Week 6: June 17th & 18th
This week I had the privilege of working with a volunteer group called “The Disciples.” They were a great group to work with because they have been volunteering with LHFH for many many years now and are very experienced. They were able to put up all the framing and structure of the house in a matter of days after countless hours of work. After the framing and trusses were put up, we nailed styrofoam blue board and house wrap over the OSB plywood, which helps with keep the house warm in the winter and cool in the summer from weathering. I also helped insert the windows into the house, which is done before the siding can be put on. To attach the windows to the house, a heavy duty glue is put around the part of the window that will be resting against the house, then once it is in place the window is nailed to the framing opening. It requires enough nails that are about a couple inches apart from one another around the entire window. It is important to make sure the window is firmly attached to the house so that air cannot easily seep through any openings. Another great part about this day is that the owner of the house was working with us. It is awesome being able to actually work with the people that will eventually own these homes.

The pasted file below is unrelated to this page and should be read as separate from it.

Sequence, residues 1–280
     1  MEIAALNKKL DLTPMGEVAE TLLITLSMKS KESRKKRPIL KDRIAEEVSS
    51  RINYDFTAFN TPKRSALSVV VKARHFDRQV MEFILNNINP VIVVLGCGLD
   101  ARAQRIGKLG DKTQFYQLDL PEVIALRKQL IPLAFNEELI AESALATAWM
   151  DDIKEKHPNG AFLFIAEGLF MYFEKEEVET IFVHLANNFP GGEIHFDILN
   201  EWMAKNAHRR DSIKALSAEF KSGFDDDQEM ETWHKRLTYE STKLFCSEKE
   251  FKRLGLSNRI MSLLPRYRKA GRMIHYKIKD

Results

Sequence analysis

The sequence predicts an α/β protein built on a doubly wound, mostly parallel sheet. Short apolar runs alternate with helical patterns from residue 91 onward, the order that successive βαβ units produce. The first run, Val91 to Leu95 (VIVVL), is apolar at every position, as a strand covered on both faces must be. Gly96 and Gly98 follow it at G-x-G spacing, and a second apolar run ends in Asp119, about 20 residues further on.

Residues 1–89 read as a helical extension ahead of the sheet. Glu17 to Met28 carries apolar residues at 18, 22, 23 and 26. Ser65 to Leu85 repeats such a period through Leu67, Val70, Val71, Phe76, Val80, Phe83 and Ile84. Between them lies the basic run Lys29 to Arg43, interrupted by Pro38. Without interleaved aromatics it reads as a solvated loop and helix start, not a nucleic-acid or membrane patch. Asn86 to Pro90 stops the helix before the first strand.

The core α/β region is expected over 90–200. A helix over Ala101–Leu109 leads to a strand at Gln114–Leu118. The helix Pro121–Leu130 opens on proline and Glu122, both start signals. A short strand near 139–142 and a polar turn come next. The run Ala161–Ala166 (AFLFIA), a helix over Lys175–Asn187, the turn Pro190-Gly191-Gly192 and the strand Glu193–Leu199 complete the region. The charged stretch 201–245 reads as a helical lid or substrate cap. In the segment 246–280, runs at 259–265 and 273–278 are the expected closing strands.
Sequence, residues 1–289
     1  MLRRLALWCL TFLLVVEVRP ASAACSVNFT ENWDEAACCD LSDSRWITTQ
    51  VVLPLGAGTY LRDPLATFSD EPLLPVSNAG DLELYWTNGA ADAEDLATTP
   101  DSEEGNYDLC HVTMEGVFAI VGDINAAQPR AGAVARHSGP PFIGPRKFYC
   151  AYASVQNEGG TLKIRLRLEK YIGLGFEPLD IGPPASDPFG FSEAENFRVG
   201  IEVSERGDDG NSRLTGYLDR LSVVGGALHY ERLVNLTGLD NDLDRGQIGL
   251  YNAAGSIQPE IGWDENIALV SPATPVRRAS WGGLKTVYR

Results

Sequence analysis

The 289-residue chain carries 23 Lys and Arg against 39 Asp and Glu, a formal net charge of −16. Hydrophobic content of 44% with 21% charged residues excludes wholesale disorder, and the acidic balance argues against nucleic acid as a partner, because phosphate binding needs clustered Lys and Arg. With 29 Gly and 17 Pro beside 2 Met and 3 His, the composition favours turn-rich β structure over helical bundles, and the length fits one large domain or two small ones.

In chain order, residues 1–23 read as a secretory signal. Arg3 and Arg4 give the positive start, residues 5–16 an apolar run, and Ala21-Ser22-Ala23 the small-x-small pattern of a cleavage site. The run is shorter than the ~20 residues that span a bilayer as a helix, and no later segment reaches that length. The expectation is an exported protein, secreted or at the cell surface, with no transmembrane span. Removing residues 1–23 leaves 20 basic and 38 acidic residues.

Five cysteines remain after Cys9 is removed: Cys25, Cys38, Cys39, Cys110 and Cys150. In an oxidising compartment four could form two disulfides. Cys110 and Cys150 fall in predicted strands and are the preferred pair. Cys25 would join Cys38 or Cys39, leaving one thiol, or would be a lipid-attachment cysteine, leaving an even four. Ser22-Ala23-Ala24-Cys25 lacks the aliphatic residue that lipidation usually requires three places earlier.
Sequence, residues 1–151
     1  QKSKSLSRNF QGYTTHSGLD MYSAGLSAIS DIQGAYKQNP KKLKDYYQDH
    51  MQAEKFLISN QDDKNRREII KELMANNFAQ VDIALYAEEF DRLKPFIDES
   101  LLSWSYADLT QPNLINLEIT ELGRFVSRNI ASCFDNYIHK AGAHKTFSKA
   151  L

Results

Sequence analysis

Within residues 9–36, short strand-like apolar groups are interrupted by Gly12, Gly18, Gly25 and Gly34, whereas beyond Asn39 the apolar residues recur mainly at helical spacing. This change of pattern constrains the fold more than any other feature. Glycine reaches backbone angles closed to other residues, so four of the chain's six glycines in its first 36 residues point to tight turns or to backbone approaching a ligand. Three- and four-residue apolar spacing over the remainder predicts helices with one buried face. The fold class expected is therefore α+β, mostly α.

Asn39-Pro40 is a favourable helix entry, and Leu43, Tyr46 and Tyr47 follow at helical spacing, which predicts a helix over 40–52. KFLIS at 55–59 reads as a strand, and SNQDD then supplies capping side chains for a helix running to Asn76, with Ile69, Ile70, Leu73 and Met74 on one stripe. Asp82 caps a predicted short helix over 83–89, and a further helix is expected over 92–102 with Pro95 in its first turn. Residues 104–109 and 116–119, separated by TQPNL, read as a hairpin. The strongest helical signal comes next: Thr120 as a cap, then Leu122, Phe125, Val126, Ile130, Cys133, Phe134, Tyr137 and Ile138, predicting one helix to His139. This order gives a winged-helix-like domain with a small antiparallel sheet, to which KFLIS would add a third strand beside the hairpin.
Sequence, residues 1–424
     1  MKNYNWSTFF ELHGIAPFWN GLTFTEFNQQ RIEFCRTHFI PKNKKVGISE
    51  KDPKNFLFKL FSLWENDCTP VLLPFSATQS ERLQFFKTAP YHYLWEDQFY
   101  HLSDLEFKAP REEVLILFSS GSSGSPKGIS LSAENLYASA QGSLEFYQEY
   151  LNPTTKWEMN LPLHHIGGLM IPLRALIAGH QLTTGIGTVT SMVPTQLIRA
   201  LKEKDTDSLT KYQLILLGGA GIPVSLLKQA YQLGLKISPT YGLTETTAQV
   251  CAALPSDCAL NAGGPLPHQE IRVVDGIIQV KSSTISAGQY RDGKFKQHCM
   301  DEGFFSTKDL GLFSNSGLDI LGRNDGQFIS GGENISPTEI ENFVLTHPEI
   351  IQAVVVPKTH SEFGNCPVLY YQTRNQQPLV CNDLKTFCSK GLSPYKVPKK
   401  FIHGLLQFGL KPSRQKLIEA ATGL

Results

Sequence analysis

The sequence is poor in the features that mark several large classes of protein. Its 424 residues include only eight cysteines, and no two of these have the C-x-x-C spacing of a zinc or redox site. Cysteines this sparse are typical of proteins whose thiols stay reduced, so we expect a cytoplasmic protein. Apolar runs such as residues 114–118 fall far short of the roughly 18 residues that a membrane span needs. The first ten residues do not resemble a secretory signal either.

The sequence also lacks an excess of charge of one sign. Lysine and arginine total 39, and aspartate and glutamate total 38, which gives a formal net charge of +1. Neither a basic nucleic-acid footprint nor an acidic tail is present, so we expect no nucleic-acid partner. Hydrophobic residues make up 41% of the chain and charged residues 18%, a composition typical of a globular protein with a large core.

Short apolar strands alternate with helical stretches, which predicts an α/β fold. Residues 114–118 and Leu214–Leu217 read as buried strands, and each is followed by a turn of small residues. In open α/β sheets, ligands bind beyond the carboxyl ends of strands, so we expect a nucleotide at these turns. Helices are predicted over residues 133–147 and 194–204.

The next day I went with the Construction Director to get a building permit from downtown Lexington for a couple of the other building sites they are going to start working on soon. There are many requirements that have to be completed before a site can get a building permit, such as getting in contact with the water company to make sure there will be access to water at the site approved from the water company. When getting the building permit we were required to have a driver’s license and to sign in because it is a very secured building. Even though you usually do not think about all the permits and licenses needed to start building on a piece of land, these are one of the most important parts of the building process. I had never even thought about all these little details required for building a structure.
Week 7: July 9th
Today I went in on a Wednesday instead of a Tuesday. I worked with another volunteer group this day. It was Schneider Electric Company, who were volunteering as a company retreat. We worked on a different site that one had a couple of the exterior walls up and none of the interior walls up yet. Our job was to nail together the remaining exterior walls and place the on the inside of the house so that all we had to do was push the wall up to connect it to the others. The picture below shows the last exterior wall getting ready to be put up.